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'Nothing changes just because you’re outside' when it comes to social distancing

social distancing outdoors
Posted at 4:28 PM, Apr 03, 2020
and last updated 2020-04-03 19:28:25-04

CLEVELAND — With beautiful weather in Northeast Ohio Friday afternoon, and more on the way for the weekend, many people may be heading outdoors to shake off the cabin fever.

Even if you're outside, state leaders and doctors said you must stay six feet away from other people, because you can still contract or spread the disease outdoors.

On Friday, people showed up to parks like Edgewater to breathe fresh air, fly a kite or walk the dog.

"This is the first day we’ve come out to the park," said Thomas Baldwin, who came out with his wife Lisa to enjoy the sunshine.

Pedro Rodriguez, who came out to go for a run, said, "I’ve been trying to at least get out every day. Don’t want to get too much cabin fever."

Dr. Amy Edwards, a pediatric infectious disease specialist at University Hospitals, urged people to continue going outside as a boost to their mental health but also reminded them to stay six feet away from other people.

"Just because you’re outdoors doesn’t mean that someone can’t cough on you or sneeze on you," Edwards said. "Don’t go in for a hug or a handshake. Nothing changes just because you’re outside."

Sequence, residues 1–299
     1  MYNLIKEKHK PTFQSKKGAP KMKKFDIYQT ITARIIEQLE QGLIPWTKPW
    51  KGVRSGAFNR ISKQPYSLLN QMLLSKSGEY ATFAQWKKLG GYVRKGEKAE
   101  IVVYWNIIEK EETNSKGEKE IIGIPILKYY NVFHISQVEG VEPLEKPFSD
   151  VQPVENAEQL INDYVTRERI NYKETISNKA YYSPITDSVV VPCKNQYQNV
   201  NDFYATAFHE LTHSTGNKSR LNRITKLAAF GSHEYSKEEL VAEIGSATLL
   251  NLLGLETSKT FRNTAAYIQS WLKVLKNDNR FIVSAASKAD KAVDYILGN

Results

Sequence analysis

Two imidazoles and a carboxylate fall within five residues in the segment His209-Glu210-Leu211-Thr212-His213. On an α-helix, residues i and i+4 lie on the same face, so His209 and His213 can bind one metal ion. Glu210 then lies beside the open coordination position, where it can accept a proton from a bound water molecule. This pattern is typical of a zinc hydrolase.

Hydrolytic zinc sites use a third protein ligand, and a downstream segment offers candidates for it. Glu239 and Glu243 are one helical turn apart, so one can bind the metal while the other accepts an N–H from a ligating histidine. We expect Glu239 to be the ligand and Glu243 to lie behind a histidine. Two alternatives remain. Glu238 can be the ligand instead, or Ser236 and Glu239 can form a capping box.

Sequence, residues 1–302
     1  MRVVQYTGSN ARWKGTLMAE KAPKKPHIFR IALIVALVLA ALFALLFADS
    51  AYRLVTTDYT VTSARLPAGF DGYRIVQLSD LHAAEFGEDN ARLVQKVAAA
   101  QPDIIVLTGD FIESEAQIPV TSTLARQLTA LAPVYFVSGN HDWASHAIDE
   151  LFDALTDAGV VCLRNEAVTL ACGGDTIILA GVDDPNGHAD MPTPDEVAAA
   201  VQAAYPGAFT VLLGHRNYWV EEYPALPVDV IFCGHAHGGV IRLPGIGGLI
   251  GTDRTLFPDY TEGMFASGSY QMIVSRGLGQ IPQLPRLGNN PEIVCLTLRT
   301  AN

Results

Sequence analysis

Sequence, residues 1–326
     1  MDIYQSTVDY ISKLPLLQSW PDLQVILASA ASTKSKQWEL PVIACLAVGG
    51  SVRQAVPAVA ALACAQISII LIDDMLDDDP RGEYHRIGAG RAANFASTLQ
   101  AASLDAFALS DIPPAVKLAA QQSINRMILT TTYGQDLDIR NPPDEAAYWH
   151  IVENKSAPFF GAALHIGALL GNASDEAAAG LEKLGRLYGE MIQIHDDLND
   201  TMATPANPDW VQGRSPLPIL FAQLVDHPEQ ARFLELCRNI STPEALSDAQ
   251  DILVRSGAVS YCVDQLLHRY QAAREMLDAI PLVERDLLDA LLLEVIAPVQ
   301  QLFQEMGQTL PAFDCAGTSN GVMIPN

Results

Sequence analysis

She said that was true regardless of your age.

"Everybody is at risk from catching this virus," Edwards said. "None of us are immune. This is a novel virus. Nobody has immunity to it, so everybody, no matter your age, can get an infection from this virus. I want to make that very clear."

People at Edgewater who spoke to News 5 were focused on keeping their distance.

"We are trying to stay as sterile and as clean as we can," Baldwin said, later adding that he felt "common sense has to come into play here."

William Skerkavich, who came out to Edgewater for a run, said, "I completely get it. I understand the safety issues."

He added, "I have kids at home, and I definitely don’t want to catch the coronavirus and bring it back home to them."

Edwards urged people to "take those precautions, be smart."

"If you show up to a park or a playground or whatever and it’s crowded, just go somewhere else," Edwards said.

Edwards added that wearing a mask will not prevent you from contracting coronavirus, but it will help you avoid spreading it. She emphasized that asymptomatic people or those with very mild symptoms could still spread the disease to others.

On Friday afternoon, the Ohio Department of Natural Resources announced it would close Hocking Hills State Park and its trails at sunset. So far, no other state parks have been closed.

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